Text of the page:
The Mediterranean Sea, however, has very high salinity – 38 ppt or more. It is almost closed from the Atlantic Ocean, and there is three times more evaporation than there is rain or freshwater flowing into it from rivers.

Additionally, because of the high temperatures in the Mediterranean region, evaporation in the Mediterranean Sea occurs much more rapidly than in other bodies of water, leaving more salt behind as fresh water molecules rise from it and enter the atmosphere.

The Strait of Gibraltar allows only a relatively small amount of inflow of less salty water into the Mediterranean. Credit: NASA

The warm, dense, salty water of the Mediterranean is replaced by the much less salty Atlantic water that flows in through the Strait of Gibraltar. Water that enters the Mediterranean from the Atlantic usually remains in the Sea for anywhere from 80 to 100 years before returning to the Atlantic Ocean, according to researchers.

The Mediterranean loses three times more fresh water from evaporation than it takes in from its many tributaries – even including gigantic rivers such as the Nile, and the somewhat smaller  Po, Rhone, Ebros, Tiber, Ceyhan, Seyhan, Adige, Neretva, and Drin-Bojana rivers.

In fact, it would dry up entirely — as it did more than once in times long past — if it weren’t for the amount of water it takes in through the Strait of Gibraltar.

Scientists have discovered that the salt and sediments at the bottom of the Mediterranean Sea prove that on several occasions over the course of history, the Mediterranean Sea has indeed dried up, leaving a large layer of salt behind it.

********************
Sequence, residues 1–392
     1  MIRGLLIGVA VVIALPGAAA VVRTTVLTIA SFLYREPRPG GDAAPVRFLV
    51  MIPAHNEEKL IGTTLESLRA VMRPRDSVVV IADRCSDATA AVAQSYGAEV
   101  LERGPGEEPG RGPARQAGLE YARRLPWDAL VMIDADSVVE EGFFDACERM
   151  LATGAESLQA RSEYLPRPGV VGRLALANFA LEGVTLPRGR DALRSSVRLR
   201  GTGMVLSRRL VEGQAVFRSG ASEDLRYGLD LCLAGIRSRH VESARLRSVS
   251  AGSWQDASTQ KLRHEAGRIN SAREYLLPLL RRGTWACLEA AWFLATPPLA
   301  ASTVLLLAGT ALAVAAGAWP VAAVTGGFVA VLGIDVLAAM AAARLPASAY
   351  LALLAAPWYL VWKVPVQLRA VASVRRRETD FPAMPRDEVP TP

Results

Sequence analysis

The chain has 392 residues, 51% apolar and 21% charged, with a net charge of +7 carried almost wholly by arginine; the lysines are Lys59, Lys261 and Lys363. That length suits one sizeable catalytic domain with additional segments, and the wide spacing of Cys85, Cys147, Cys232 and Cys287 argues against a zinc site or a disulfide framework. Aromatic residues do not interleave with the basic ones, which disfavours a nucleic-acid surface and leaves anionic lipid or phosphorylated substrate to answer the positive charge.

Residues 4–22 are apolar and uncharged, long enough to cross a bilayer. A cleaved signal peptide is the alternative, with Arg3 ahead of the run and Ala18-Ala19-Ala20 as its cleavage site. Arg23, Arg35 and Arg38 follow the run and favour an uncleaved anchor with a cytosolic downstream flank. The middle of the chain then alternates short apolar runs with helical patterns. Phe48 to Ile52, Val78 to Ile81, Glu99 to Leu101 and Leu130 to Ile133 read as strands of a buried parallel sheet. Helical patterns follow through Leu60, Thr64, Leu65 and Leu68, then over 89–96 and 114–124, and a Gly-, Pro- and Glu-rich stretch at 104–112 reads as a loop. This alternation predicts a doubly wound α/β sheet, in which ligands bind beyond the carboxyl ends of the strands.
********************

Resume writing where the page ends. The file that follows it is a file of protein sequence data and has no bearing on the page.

At that time the Strait of Gibraltar itself closed up, stopping any water from flowing back and forth between the Atlantic Ocean and the Mediterranean.

During what researchers call the Messinian Salinity Crisis, a geological event occurring from 5.96 to 5.33 million years ago during the Miocene Epoch, the Mediterranean Sea went into a cycle of partial or nearly complete desiccation. This enabled the migration of mammals, including camels, into Europe.

The basin then filled up again with water from the Atlantic during what is called the Zanclean Flood.

Messinian salinity Crisis
An artist’s recreation of what happened as part of the Messinian Salinity Crisis. Artistic interpretation of the Mediterranean geography during its evaporative drawdown, after complete disconnection from the Atlantic. The rivers carved deep gorges in the exposed continental margins. The concentration of salt in the remaining water bodies led to rapid precipitation of the salt. The inset shows the transit of mammals (e.g. camels and mice) from Africa to Iberia across the exposed Gibraltar Strait. Credit: Paubahi/Wikimedia Commons/CC BY-SA 3.0